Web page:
Special Issue "Rotation Rate Sensors and Their Applications"
Deadline for manuscript submissions: 31 March 2021.
Interests: Structural Health Monitoring; Seismic Engineering; Civil Engineering; Seismology; Random Vibrations
Interests: geophysics; rotational seismology; sensors in seismology
Interests: Geophysics; seismology; exploration geophysics; seismotectonics and anisotropy; seismic inverse problems
Interests: Sagnac Interferometry; inertial rotation rate sensing for space geodesy; rotational seismology, satellite and lunar laser ranging; optical time transfer; time and frequency in space geodesy
Rotation rate sensors are finding more and more applications in science and engineering, most prominently by serving for the control of vehicle or airplane motion. Functions in consumer electronics, such as smartphones and smartwatches are controlled with respect to their tilt. In modern seismology, the measurement of rotations about the vertical and horizontal axes is combined with classic displacement records, which has demonstrated many powerful applications. Even a small rocking motion of the foundations of tall buildings translates into substantial tip displacements. Furthermore, we are now in the position to obtain torsional motion from tall structures reliably. All these applications require various types of rotation rate sensors. From small MEMS gyros, over fiber-optic gyros and electrochemical devices to high resolution, large ring lasers. This Special Issue will collect papers on (inertial) rotation rate sensors and their applications, with particular attention paid to the novel areas of application in modern geophysics, civil and seismic engineering, as well as mechanical engineering and modern geodesy, including structural health monitoring.
Substantial progress in the technology of (inertial) rotation sensing has opened novel applications. The emerging field of rotational seismology is a good example of this development, applications in space geodesy and navigation are another. They rely on highly sensitive and stable sensors, which are very expensive. On the other hand, there are small and cheap sensors, which are neither stable nor sensitive but available in large numbers. We envisage contributions on sensor concepts and applications that outline achievements on all sides of this large application spectrum. We believe that collecting together papers on the design of rotation rate sensors with descriptions of their applications is well situated in the scope of the journal Sensors.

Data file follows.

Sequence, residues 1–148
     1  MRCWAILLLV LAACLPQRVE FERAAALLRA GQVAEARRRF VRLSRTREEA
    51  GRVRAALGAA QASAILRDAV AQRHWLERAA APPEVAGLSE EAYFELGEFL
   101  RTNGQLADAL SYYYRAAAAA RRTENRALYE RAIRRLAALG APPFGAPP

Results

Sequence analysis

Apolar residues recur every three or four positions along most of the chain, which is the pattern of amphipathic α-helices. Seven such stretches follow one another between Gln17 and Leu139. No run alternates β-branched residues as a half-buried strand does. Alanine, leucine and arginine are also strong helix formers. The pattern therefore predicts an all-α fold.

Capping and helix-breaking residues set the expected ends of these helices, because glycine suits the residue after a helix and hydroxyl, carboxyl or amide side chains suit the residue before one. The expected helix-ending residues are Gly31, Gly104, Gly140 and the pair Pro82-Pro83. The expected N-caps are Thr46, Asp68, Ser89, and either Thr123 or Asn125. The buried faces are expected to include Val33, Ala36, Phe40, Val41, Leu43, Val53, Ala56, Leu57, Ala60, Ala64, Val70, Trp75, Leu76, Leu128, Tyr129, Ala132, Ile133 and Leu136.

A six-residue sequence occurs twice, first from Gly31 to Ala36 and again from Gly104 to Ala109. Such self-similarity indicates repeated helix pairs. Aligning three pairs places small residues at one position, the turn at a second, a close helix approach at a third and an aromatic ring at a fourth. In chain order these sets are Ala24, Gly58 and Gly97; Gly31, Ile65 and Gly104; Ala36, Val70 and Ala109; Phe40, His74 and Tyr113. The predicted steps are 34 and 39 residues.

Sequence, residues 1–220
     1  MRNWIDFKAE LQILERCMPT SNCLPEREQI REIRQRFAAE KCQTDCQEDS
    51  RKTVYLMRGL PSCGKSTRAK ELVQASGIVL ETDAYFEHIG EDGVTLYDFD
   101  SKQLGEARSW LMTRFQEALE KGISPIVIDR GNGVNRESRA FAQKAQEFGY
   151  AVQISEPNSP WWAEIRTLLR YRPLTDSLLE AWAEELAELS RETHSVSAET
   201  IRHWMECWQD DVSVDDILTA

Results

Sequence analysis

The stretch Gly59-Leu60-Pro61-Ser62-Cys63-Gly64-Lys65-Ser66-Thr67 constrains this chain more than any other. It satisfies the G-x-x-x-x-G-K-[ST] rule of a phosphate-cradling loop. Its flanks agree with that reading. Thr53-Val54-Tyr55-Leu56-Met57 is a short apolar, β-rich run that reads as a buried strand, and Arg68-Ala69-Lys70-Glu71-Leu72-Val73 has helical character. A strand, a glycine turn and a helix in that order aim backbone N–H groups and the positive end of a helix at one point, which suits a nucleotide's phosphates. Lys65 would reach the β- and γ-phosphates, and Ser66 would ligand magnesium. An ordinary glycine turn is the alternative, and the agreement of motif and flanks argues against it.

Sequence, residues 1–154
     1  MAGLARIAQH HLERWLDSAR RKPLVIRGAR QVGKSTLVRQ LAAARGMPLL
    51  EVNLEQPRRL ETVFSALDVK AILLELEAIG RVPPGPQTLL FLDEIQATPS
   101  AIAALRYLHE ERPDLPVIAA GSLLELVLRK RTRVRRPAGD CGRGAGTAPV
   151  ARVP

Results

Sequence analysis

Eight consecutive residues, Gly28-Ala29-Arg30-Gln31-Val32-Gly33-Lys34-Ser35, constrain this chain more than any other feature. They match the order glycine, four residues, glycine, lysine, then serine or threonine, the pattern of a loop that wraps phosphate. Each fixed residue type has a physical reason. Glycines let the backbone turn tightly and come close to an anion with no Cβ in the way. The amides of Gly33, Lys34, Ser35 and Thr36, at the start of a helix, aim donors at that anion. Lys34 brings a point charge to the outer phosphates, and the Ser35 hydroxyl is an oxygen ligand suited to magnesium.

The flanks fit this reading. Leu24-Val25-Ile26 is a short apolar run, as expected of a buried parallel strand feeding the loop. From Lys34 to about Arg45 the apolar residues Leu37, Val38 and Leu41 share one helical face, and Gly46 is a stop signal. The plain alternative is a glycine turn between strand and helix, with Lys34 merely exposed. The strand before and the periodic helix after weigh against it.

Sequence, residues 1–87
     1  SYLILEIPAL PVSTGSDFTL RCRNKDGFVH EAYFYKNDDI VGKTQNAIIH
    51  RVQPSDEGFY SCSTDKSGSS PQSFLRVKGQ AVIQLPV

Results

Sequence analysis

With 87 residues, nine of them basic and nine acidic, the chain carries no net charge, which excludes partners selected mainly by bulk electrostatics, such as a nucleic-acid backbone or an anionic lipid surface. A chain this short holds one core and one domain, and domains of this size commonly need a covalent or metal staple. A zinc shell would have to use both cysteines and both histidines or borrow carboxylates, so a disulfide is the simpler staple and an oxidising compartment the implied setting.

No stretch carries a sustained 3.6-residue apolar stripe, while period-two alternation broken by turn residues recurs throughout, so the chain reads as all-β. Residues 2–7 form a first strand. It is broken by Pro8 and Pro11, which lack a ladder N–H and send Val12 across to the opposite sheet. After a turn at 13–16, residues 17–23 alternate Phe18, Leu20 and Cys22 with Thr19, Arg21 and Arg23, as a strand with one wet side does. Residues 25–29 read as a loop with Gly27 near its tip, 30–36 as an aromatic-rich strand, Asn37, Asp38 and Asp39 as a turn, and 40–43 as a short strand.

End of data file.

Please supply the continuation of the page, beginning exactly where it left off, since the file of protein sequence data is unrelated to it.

Prof. Zbigniew Zembaty
Dr. Felix Bernauer
Prof. Heiner Igel
Prof. Dr. Ulrich Schreiber
Manuscript Submission Information
Manuscripts should be submitted online at www.mdpi.com by registering and logging in to this website. Once you are registered, click here to go to the submission form. Manuscripts can be submitted until the deadline. All papers will be peer-reviewed. Accepted papers will be published continuously in the journal (as soon as accepted) and will be listed together on the special issue website. Research articles, review articles as well as short communications are invited. For planned papers, a title and short abstract (about 100 words) can be sent to the Editorial Office for announcement on this website.
Submitted manuscripts should not have been published previously, nor be under consideration for publication elsewhere (except conference proceedings papers). All manuscripts are thoroughly refereed through a single-blind peer-review process. A guide for authors and other relevant information for submission of manuscripts is available on the Instructions for Authors page. Sensors is an international peer-reviewed open access semimonthly journal published by MDPI.
Please visit the Instructions for Authors page before submitting a manuscript. The Article Processing Charge (APC) for publication in this open access journal is 2200 CHF (Swiss Francs). Submitted papers should be well formatted and use good English. Authors may use MDPI's English editing service prior to publication or during author revisions.
- angular velocity
- rotation rate sensors
- inertial rotation sensing
- vibrations of structures
- structural health monitoring
- seismic ground motion
- ground tilt
- sagnac effect